Maine lawmakers overrode Governor Paul LePage’s veto Tuesday, allowing doctors and nurses to prescribe medical marijuana for any patient they deem adequate. The Maine House voted 119-23, while the Senate voted 25-8 to override the governor’s decision on Friday to veto a medical marijuana reform bill.
Maine legalized medical marijuana prescriptions in 1999 for AIDS, post-traumatic stress and pains from untreatable ailments. The new legislation allows doctors to issue medical marijuana licenses for any therapeutic or palliative use. Supporters of the bill say medical marijuana could help treat opioid addiction.
LePage has been a strong opponent of any attempt to loosen the state’s marijuana laws. He’s cited—among other things—a lack of state oversight for vetoing the legislation.
“Passing legislation that would permit newly established manufacturing facilities to conduct this same work in the absence of rule or certification is irresponsible,” said LePage in a veto letter. He included several other issues regarding the legislation, like the establishment of a medical marijuana research fund and laboratory licensing procedures. He also referenced the bills failure to require drug tests for employees of caretakers dispensing medical marijuana, or sales tax registration before selling medical marijuana.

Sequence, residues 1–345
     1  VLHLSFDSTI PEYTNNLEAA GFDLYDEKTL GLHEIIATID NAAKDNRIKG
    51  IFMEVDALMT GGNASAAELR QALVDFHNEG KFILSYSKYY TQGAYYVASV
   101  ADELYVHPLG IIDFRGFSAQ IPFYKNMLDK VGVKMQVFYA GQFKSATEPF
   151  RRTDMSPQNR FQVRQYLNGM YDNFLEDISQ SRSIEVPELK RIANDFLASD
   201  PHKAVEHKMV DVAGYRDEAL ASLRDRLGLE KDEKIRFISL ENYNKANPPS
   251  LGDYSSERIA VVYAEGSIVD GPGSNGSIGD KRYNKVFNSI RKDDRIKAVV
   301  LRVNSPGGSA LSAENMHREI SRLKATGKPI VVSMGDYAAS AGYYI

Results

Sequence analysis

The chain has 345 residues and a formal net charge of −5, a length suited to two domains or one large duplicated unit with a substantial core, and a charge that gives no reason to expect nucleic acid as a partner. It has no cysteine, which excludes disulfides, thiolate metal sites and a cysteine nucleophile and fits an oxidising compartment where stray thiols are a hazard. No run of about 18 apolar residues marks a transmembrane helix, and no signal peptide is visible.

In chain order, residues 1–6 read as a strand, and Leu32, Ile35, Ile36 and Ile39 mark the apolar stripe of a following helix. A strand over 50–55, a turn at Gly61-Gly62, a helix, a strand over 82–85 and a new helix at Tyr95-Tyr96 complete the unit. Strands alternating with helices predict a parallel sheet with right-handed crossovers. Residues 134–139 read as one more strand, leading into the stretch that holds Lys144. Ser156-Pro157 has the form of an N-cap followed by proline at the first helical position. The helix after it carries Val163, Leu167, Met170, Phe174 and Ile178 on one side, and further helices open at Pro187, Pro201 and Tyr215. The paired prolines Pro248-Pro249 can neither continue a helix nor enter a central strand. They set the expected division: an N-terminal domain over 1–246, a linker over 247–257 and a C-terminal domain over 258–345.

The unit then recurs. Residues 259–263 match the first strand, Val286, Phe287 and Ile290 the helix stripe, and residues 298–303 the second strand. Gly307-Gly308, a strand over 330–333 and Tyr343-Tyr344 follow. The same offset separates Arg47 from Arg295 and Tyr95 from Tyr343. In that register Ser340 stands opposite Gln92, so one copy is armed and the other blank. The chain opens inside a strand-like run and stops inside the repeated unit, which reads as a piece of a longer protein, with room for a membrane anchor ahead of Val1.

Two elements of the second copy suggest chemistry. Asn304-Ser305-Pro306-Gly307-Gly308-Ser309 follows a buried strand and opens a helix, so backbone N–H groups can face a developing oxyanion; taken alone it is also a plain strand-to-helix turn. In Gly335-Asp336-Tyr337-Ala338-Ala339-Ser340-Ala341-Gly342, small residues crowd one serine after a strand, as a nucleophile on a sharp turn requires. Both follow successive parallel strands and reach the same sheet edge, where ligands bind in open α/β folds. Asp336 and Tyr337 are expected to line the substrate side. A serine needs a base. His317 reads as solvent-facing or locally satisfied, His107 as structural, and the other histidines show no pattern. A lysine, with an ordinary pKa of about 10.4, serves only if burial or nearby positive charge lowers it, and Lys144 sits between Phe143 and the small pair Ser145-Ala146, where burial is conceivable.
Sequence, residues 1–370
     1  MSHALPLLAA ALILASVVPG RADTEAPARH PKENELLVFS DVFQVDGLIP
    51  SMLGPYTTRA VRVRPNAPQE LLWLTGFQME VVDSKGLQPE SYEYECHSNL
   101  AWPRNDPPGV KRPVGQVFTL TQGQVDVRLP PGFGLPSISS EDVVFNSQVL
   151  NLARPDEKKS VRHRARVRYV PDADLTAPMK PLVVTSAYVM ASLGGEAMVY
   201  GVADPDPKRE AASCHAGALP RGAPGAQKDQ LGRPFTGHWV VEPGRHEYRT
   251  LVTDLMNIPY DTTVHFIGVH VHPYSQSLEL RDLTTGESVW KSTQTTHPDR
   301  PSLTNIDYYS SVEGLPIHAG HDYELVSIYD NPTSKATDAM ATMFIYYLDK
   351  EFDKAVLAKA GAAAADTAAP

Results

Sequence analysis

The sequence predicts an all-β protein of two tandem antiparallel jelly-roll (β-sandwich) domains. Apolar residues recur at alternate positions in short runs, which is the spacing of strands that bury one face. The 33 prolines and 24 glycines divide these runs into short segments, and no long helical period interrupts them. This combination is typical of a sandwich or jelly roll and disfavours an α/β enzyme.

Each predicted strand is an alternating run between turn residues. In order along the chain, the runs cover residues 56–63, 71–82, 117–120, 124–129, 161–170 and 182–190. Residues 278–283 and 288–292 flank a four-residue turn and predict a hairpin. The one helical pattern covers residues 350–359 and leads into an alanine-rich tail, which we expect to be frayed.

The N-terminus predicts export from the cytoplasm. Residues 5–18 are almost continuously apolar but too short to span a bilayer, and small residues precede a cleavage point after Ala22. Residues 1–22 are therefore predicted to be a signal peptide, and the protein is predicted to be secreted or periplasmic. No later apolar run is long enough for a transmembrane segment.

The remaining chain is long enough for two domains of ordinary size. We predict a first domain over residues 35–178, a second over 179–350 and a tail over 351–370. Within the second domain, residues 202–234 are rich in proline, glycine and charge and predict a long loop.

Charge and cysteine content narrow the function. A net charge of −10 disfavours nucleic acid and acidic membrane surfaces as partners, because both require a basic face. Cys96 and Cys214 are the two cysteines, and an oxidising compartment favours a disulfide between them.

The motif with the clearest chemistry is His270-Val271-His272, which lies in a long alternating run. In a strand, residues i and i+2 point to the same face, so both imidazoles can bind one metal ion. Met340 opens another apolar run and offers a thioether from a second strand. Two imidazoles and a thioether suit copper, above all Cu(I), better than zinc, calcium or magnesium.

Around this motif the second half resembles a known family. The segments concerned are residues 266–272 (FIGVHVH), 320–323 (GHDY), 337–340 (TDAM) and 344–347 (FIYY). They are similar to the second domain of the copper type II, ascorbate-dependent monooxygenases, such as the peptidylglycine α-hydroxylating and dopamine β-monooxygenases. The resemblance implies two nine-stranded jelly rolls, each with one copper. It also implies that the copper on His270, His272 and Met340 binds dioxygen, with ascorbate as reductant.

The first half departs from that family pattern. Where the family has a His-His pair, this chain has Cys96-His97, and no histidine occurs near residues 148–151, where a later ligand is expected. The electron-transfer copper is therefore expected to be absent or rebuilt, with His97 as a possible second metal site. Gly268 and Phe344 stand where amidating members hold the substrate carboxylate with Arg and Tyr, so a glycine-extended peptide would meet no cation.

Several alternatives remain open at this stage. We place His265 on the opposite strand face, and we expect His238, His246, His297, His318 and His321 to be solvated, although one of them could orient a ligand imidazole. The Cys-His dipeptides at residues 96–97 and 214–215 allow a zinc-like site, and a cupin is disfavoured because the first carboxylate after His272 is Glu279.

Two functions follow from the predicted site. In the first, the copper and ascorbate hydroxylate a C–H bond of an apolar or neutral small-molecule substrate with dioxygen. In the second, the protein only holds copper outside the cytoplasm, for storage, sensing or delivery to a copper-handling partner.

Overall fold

Maine currently has 42,000 certified medical marijuana patients. They spent more than $24.5 million at state medical marijuana dispensaries in 2017. The bill also requires caregivers who have a storefront operation to receive explicit permission from their respective municipality before operating a medical marijuana facility.
In early May, the Maine legislature overrode LePage’s veto of a measure that would allow the government to tax and regulate the commercial sale of marijuana.